Lyndsey Burton, Founder of price comparison site Choose.co.uk
UK broadband is becoming more competitive.
Compared to any previous point in recent history, it provides customers with more choice, greater value, and better services.
This, however, would appear to be something of a controversial opinion.
At least if the stringent criticism levelled at BT and Openreach by many of their rivals is a reliable guide.
For example, last year three of the UK’s biggest ISPs – Sky, Vodafone and TalkTalk – teamed up to launch Fix Britain’s Internet, a campaign aimed squarely at highlighting the supposedly lacklustre nature of the UK’s broadband.
Primarily, its goal was to create enough public pressure to convince Ofcom to completely (rather than legally) separate Openreach from BT.
Yet to do this it had to suggest that the UK was saddled with “failing broadband,” and that customers were “receiving poor speeds and even poorer service.”
Of course, such claims aren’t really true.
At best, they were an exaggeration, since in actual fact the UK’s broadband market had been and is still becoming increasingly open, despite claims that the supposed dominance of BT and Openreach is stifling competition.
This was made plain only a few days ago, when Ofcom published its latest Whole Broadband Access Market Review.
It revealed that BT’s significant market power (SMP) covers only two percent of the UK’s premises, and that 97.3 percent of the UK enjoys “effective competition.”
On its own, these percentages may not seem too significant, yet to put them in perspective it’s worth looking at past shares.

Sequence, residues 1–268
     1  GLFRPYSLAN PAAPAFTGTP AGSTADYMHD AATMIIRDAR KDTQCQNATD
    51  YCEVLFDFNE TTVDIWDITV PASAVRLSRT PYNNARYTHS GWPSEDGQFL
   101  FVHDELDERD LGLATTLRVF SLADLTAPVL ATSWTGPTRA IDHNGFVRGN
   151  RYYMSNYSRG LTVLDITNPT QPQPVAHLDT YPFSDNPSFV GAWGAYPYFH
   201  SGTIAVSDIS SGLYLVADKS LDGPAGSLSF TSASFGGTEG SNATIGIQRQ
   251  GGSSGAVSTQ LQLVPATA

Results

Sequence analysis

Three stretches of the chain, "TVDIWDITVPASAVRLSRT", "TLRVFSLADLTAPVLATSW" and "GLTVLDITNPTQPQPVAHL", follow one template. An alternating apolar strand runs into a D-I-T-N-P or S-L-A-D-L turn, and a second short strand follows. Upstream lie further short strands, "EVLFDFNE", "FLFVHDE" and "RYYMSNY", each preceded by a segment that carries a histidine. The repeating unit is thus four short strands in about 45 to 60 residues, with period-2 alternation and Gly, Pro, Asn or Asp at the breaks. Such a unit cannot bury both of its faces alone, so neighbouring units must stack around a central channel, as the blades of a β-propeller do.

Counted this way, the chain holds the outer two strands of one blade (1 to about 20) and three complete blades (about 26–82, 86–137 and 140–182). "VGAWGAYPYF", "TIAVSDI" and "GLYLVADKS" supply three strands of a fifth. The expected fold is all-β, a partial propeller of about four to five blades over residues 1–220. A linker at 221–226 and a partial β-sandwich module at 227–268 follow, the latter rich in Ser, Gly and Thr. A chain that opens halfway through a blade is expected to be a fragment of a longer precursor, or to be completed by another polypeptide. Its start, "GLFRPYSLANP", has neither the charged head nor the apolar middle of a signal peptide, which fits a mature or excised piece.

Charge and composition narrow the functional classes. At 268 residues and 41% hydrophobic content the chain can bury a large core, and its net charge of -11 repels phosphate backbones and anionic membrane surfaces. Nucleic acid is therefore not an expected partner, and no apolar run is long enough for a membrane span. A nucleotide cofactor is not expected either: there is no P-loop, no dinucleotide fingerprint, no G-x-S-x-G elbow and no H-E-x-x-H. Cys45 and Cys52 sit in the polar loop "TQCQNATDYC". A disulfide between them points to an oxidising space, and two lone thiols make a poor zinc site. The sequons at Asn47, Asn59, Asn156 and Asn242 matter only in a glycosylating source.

In 2010, for instance, BT had SMP in 21.7 percent of the market.
Even worse, it commanded the market for 45 percent of UK premises in 2007.
That such percentages have been whittled down to just two percent represents remarkable progress for the UK broadband industry, and testifies to just how open it has become.
A large part of this can be put down to Ofcom and their various interventions over the years.
In 2008, they forced Openreach to pay compensation proactively for late repairs and bad service, an action they’ve continued to build upon since, with this year seeing them propose that all ISPs pay automatic compensation for unacceptable service.
Similarly, in 2013 they acted to make switching between providers easier, thereby increasing competition as ISPs began working harder to retain customers.
And in much the same vein, they ruled in 2015 that customers can legally exit contracts prematurely in the event that the download speeds provided by their ISPs “fall below acceptable levels”.
As a result of such actions, the UK’s broadband market has undoubtedly become more competitive, with the fruits of this rise plainly visible in the increased value for money that customers receive.
As Ofcom noted in their 2017 Pricing Report, prices have remained remarkably generous.
More specifically, they found that despite a 67 percent "increase in data usage [in 2015], the average revenue per residential fixed broadband connection increased by just eight percent, to £19 per month in 2015, and was 36 percent lower than in 2005.”
Put more simply, customers are receiving much more from their broadband services for considerably less, and this is largely because BT doesn’t quite have the stranglehold on the market that its critics would suggest.
Its semi-monopoly is being gradually eaten away in the face of regulation and natural competition, and further evidence of this is also evident in how average broadband speeds have been consistently increasing.
In 2014, the average UK speed stood at 17.8MBps, which was already five times faster than it was five years previously.
Now, however, it stands 36.2MBps, which is just more than double what it was in 2014 and 25 percent faster than it was in 2016.
Given such progress, its clear that BT and Openreach’s recent detractors have been largely unfair.
Yes, the UK’s broadband may not be full-fibre and as fast as it possibly could be (assuming money were no object), yet this hasn’t stopped it from witnessing an increasing amount of competition, as well as an increasing amount of benefit for the customer.